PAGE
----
Brattle Principal Jürgen Weiss has authored an article published in Public Utilities Fortnightly (PUF) 2.0, “Electrification 2018: Driving the Future, This Year,” which discusses how mobility services could change electrification’s pace and shape.

Dr. Weiss explains how the emergence of mobility as a service could cause a potential shift of miles traveled in individually-owned vehicles to those provided by mobility service providers and, by doing so, speed up electrification of the transportation sector. In particular, if mobility service providers electrify their fleets more rapidly than individual car owners, a shift to mobility services creates the possibility that transport itself will become electrified a lot faster than the vehicle stock itself. In that case electricity sales may pick up speed sooner than currently expected, with corresponding needs to rapidly expand the required infrastructure. Necessary investments could include reinforcing distribution networks and expanding access to charging infrastructure, as well as expanding clean power supply and associated transmission. The article notes that while rapid electrification of mobility service fleets is not a foregone conclusion, there are several reasons why mobility service providers are likely to electrify their fleets more rapidly than individual car owners.

Dr. Weiss also points out that there are significant implications for utilities. He suggests that more rapid electrification of transportation could lead to stronger sales growth earlier and in the long run, which could have implications for how rapidly the generation and transmission system will have to grow and adapt relative to the current paradigm of slow or no growth. Electrification of transport likely also means very different demands for the location, speed, and timing of EV charging, driven by replacing miles traveled in individually-owned vehicles with miles traveled on mobility service fleets. Therefore, it will be important for utilities to keep track of the fast-paced developments in the area of mobility services, and adjust their forecasting, planning, and service offerings accordingly.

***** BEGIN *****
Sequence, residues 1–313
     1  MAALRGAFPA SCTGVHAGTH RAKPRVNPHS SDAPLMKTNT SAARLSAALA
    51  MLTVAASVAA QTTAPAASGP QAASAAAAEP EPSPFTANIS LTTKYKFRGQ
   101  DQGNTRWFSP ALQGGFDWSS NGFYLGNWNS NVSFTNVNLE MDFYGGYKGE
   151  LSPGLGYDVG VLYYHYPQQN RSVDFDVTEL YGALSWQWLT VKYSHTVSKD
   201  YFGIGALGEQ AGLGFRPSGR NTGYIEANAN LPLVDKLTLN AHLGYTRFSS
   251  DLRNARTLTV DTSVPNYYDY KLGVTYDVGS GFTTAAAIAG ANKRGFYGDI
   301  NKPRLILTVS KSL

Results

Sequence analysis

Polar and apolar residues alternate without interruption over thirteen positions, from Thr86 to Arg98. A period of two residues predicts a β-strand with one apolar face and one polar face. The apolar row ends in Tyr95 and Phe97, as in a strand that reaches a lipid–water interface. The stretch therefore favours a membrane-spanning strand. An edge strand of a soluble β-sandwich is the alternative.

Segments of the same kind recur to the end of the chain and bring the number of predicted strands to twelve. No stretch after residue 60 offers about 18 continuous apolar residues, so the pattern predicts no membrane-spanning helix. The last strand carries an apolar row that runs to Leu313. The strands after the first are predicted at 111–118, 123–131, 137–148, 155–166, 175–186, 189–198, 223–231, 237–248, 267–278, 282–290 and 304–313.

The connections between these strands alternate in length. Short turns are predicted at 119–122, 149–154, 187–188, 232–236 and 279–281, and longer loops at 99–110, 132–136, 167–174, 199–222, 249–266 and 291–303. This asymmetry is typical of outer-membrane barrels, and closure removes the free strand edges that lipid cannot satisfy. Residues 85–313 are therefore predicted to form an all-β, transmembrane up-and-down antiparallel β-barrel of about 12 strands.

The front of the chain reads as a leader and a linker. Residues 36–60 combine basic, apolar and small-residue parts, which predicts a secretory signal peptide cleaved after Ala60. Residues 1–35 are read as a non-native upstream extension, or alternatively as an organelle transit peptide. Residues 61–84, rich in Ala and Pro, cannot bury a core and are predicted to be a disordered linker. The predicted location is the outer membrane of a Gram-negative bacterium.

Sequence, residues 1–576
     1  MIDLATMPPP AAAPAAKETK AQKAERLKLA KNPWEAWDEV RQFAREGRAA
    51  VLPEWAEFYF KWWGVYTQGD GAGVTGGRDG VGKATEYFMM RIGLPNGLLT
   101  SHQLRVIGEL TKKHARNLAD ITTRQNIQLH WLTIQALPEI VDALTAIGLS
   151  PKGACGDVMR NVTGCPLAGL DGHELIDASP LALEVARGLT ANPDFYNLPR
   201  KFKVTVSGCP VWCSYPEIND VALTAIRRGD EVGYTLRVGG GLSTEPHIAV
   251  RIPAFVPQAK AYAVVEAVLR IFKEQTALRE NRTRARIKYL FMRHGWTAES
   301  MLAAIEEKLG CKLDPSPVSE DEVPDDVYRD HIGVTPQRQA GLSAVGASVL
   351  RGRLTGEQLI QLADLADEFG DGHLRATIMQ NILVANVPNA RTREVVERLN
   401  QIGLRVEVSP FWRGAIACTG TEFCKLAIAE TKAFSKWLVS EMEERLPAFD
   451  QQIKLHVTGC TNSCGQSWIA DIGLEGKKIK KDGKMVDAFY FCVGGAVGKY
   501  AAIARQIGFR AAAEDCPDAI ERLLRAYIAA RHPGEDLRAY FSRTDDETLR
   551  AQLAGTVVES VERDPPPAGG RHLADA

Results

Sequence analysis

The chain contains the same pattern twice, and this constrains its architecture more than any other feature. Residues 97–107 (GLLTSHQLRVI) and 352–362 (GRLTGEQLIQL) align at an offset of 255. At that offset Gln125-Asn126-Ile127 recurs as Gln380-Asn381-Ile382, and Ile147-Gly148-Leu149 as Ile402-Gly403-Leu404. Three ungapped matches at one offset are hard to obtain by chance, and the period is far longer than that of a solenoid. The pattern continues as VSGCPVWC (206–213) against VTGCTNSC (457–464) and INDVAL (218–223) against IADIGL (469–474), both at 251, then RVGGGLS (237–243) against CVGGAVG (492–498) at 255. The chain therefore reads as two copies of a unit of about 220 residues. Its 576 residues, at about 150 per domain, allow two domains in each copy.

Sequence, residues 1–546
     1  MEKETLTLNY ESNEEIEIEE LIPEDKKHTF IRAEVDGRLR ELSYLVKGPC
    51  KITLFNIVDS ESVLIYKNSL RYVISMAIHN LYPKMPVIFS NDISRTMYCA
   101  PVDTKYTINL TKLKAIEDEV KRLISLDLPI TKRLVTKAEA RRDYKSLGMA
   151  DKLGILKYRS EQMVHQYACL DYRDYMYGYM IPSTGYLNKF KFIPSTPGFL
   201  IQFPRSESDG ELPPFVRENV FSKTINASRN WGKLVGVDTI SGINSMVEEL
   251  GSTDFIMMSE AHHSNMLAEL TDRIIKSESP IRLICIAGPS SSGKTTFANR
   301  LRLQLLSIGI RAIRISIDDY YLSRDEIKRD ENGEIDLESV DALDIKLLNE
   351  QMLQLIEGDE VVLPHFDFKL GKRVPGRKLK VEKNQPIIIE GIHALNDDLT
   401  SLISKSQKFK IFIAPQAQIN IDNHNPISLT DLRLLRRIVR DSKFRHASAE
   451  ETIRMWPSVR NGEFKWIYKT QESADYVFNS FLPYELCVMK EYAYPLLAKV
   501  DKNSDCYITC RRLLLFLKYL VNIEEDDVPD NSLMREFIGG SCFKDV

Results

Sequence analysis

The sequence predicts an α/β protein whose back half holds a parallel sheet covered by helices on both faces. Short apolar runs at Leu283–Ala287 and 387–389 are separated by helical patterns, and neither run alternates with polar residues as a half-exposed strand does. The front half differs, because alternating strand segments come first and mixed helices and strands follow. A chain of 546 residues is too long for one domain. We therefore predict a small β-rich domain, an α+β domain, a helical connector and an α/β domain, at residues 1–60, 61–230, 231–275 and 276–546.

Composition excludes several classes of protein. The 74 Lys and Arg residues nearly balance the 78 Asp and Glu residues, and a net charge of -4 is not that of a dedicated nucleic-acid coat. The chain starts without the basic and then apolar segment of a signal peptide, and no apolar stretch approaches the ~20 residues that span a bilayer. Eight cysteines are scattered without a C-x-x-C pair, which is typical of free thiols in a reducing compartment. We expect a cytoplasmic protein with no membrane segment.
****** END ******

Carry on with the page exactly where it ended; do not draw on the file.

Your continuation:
The article, “The Electrified Future is Shared: Mobility Services Could Change Electrification’s Pace, Shape,” appeared in the Mid-February 2018 issue of Public Utilities Fortnightly and is available below. Permission granted by publisher.

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